Turning Ideas into Reality: Latest Steps on Harrow Council's Innovation Journey

This blog is the latest in a series documenting a journey of culture change within Harrow Council to create an environment which attracts, catalyses, and incubates innovation as a way to better deliver services.

To see the previous instalment, click here. To read an overview of the programme, visit this Nesta blog.

Preparing to innovate

Far from experiencing the traditional local government summer hiatus, we have been pushing forward with our work to create a culture of innovation at Harrow Council. Having done a lot to show the potential of technology to innovate the way we deliver services, we wanted to get ourselves into a position where we could implement some of the potential solutions which we now had on the table.

We had many ideas, from different departments. What we found though was that none of these potential solutions could be treated in isolation. All had a need to integrate with a central system or server at some point; with the potential for costs to simultaneously escalate. All had a data output which was valuable either to its own service or another department. And one of our ideas was even a cross-department data platform.

So when deciding what to take forward, there was a need to work in a joined up way. We also needed to be pragmatic; we wanted to push the innovations beyond a discussion topic but couldn’t ask our already-stretched staff to put everything else on hold.

We decided to do two things. First, we set up an Innovation Board under the corporate team. This team takes a view across the council anyway and has various teams whose functions spread across the council in a similar way. Keeping with the success of the cultural change programme to date, we also asked various councillors to sit on this board, including the Finance Portfolio holder and the Corporate Portfolio holder.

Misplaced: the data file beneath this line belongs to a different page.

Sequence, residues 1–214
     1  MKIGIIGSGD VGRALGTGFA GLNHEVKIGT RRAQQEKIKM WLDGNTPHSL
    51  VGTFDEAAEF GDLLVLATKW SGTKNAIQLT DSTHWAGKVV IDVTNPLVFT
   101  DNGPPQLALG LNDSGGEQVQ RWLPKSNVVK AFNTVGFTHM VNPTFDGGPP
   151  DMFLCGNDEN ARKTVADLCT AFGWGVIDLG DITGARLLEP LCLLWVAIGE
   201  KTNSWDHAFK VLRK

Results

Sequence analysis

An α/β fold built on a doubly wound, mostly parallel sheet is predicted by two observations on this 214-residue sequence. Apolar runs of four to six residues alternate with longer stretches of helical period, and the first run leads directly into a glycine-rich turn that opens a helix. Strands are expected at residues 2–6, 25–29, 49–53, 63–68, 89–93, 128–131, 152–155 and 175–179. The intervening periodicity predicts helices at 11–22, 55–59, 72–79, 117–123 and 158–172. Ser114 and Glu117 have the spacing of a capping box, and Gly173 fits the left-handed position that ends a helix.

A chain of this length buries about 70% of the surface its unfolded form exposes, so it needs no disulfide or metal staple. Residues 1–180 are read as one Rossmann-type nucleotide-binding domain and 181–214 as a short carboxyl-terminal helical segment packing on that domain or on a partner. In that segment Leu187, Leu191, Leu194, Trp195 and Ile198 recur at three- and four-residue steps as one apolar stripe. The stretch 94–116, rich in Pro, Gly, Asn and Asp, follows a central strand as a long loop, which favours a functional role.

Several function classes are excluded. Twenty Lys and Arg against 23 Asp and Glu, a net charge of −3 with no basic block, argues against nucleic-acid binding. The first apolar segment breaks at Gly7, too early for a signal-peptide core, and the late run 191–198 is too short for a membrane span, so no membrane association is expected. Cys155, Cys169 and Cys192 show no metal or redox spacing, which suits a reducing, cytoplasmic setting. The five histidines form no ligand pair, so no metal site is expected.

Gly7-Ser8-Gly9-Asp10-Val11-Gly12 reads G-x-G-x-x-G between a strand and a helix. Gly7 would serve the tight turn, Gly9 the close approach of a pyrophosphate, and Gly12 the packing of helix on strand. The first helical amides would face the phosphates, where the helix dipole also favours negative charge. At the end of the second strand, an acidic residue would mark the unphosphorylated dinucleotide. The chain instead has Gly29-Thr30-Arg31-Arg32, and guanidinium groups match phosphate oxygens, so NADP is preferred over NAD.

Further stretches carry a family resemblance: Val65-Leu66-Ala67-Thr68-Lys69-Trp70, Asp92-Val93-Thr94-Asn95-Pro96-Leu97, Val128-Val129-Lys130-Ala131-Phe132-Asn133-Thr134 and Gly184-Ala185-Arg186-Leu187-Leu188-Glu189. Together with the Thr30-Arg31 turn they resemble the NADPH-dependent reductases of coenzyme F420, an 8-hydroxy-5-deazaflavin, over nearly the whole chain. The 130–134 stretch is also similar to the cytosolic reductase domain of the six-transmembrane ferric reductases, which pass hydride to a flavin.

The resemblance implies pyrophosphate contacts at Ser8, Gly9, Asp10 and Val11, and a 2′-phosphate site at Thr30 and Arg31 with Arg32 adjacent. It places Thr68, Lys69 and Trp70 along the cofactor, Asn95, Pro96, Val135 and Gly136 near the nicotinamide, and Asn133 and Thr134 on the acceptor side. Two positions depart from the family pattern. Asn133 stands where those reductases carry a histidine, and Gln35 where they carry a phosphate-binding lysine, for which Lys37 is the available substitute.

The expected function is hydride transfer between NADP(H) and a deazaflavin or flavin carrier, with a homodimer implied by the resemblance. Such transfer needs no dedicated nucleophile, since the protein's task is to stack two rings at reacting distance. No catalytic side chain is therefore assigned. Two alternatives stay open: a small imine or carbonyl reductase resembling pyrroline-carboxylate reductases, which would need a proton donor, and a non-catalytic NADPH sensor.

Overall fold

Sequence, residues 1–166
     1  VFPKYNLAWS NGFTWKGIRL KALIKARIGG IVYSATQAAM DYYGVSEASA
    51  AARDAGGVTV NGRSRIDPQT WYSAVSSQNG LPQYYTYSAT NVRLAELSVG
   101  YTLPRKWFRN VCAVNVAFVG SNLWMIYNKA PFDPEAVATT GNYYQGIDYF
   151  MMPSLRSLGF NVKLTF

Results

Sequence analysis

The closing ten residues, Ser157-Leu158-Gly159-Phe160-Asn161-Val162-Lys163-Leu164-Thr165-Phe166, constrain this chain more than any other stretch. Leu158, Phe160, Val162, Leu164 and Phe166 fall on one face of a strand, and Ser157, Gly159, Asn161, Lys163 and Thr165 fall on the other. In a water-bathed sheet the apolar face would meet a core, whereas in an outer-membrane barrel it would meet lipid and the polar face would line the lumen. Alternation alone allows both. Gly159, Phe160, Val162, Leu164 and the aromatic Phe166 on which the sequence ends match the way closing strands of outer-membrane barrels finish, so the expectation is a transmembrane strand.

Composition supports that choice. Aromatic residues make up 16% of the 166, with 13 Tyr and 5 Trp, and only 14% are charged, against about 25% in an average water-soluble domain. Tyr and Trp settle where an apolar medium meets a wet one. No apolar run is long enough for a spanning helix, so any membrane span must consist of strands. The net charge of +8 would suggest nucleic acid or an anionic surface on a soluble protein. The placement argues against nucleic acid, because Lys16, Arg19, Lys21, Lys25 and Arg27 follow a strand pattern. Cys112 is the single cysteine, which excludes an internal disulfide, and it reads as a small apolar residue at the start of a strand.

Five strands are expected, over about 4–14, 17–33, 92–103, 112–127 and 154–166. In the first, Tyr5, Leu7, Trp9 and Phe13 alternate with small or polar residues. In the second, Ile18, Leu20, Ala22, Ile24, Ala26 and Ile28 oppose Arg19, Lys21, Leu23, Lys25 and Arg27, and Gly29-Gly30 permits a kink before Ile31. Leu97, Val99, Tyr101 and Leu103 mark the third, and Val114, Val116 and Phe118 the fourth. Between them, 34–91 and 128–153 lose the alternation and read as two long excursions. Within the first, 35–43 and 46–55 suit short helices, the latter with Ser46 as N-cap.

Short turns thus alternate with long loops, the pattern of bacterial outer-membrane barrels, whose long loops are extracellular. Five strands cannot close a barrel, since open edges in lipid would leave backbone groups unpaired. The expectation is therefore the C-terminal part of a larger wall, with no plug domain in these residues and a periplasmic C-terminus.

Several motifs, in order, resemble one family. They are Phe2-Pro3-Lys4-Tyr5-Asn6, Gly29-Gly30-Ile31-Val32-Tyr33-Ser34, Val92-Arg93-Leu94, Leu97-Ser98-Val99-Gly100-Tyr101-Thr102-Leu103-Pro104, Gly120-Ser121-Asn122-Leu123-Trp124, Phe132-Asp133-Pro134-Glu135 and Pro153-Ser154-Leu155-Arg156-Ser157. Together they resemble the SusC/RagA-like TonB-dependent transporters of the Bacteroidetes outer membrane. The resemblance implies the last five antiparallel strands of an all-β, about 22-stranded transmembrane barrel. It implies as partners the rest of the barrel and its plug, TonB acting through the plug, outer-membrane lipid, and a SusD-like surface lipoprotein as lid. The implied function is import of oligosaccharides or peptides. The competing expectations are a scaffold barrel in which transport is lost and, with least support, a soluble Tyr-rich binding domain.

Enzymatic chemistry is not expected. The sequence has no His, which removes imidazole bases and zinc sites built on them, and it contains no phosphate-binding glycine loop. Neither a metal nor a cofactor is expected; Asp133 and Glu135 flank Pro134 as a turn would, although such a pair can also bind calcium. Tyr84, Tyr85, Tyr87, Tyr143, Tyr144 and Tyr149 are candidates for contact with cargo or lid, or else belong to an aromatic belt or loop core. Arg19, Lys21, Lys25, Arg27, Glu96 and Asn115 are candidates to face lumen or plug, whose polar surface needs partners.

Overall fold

Second, we decided that one of the innovations we would take forward would be the data platform (more on the details of this later). With data demand from each innovation we couldn’t ignore this aspect, and felt this could form the basis for innovation in the long-term.

Innovation Board

The Innovation Board brought together key stakeholders and decision makers from across the council. It now meets regularly with the mandate to:

  • Encourage innovation in all areas of service delivery
  • Bring together resource - internal and external – to support the development of ideas
  • Ensure ideas have a robust business case and are future-proof
  • Strategically prioritise solutions

It therefore became the place where the decisions about what to take forward were made.

Data platform

We were acutely aware that the council already has many different systems it uses to gather and disseminate data. From the techUK workshop we were given the belief that there were platforms out there that could do this better, and therefore lead to better decision making.

We decided that instead of trying to find a one-size-fits-all solution – as has been attempted in the past – we would concentrate on trying to find a platform that works for one service area, but has potential to expand and work for others.

It was therefore important that in the first instance, we would work with a team which had an immediate need for better data or the better use of data.

We identified and reached out to a few teams across the council, before eventually deciding on who to work with to scope out their data platform requirements over a couple of workshops.

Ideas to solutions

We realised that it wasn’t feasible to take all 6 innovations that were on the table from the techUK workshop forward, mainly due to timing.

Through our travels and the mandate of the Innovation Board though, we did discover other sources of innovative thinking going on across the council. We received ideas and updates from other teams, who had been taking their ideas forward in parallel to our work.

This was incredibly exciting, as it showed the importance and impact of getting the culture right. It meant the innovation didn’t stop with the small group of people who were working on the 6 ideas; it had a ripple effect. This made it easy for us to park some of the ideas originally on the table, and take forward those that were better positioned.

This blog is part of techUK's Council of the Future: Preparing for Smart Cities project and for more information on Cllr Niraj Dattani click here

For further information on techUK's work with Harrow Council please contact Georgina Maratheftis or Aimee Betts-Charalambous.

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